Mike: Yes, it's about how it all goes wrong for a band, how it is that one year you're always hearing about a band and the next year...nothing. I used to meet people who think we did it out of choice ! This explains how it happens while giving an insight into how we became famous and what it was like when we were.

Rayanna: Where is the book available?

Mike: You can download it free from www.jesusjones.com

Rayanna: I understand that the new album London will be released on Ted Mason's label MI5, how did that come about?

Mike: Ted got in touch via the web site and invited me to come over to New York see what he was up to, play onstage a little and chat. It seemed had a lot of shared views about the chaning nature of the music industry and role that art and creativity have in it.

Rayanna: When will London be released? And when it is released will it be in just the UK or will it be released in the US as well?

Mike: It's a US release primarily, October 9th, but we're currently figuring out ways of getting sold around the world. Obviously the UK is important to us but there are plenty of fans around the world still that we need to look after.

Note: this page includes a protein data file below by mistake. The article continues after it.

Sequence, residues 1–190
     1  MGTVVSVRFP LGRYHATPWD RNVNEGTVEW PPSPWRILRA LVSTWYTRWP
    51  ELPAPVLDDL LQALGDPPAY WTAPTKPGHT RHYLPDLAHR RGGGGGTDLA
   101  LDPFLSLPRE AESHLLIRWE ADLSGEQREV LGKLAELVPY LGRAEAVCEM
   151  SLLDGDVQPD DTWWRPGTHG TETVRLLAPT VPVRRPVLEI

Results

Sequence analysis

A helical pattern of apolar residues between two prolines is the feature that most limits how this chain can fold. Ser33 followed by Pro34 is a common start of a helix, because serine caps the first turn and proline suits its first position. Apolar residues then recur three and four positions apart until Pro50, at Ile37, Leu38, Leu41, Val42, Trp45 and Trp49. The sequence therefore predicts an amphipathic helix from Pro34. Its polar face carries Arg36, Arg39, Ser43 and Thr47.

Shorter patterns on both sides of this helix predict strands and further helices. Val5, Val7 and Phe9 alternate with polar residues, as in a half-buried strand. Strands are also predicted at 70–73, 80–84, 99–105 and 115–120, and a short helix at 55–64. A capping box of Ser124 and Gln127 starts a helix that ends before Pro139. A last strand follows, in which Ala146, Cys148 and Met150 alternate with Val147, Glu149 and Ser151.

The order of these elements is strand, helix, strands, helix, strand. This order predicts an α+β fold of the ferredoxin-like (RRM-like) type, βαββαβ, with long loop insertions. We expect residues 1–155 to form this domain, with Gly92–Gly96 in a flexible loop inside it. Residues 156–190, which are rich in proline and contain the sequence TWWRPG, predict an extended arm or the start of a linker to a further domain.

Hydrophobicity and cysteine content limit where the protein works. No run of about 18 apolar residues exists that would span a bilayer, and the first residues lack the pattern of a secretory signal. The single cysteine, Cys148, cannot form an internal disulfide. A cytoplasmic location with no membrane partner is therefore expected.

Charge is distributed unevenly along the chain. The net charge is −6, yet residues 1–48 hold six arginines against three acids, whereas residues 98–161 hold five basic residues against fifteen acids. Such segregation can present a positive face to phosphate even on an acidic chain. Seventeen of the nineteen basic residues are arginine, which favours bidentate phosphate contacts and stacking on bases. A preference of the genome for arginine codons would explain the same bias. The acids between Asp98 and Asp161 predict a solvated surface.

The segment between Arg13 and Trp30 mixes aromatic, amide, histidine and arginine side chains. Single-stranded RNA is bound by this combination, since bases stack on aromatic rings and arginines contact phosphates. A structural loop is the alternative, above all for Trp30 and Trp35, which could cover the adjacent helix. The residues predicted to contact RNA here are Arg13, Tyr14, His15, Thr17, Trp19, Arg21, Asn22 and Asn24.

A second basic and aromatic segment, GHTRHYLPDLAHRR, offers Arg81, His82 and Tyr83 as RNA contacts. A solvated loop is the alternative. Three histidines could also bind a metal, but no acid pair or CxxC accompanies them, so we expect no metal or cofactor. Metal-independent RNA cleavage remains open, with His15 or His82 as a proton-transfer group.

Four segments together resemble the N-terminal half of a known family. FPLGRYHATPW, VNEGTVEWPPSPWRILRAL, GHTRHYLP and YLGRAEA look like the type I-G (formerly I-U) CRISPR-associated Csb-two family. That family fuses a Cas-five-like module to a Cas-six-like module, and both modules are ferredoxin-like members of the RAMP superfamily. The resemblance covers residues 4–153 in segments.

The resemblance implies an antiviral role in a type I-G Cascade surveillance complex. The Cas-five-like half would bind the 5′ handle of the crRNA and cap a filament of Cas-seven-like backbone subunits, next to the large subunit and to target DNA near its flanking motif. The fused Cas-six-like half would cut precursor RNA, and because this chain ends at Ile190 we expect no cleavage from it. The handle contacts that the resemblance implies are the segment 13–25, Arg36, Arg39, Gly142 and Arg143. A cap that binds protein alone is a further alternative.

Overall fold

Rayanna: What can we expect from the new album? And how does it compare to the old stuff?

Mike: I always maintain that you're asking entirely the wrong person that question! There are influences that didn't realy exist as I was writing the last album that are a central part of this album, like drum 'n' Bass and Garage. Those things make it sound very different, although saying that my signature hasn't changed in the last 10 years either so I think it's still clearly a Jesus Jones album.

Overall I think this album sounds a lot more relaxed and happy since it's been made in a far better atmosphere than the last two JJ albums.

Rayanna: Are you planning to tour with this album and if so when should we look for you here in the states?

Mike: As far as I know now we're due to tour in early December, just a few dates to start with but maybe a bigger tour next year. www.jesusjones.com and www.MI5recordings.com are the definitive places to look though.

Rayanna: Thank you so much for taking time out to talk to me, is there anything that you would like to add?

Mike: Just a big shout out to all our New York and Washington fans, friends and family.

Rayanna Barker is a Contributing Columnist. Contact her at rayanna@rockzone.com.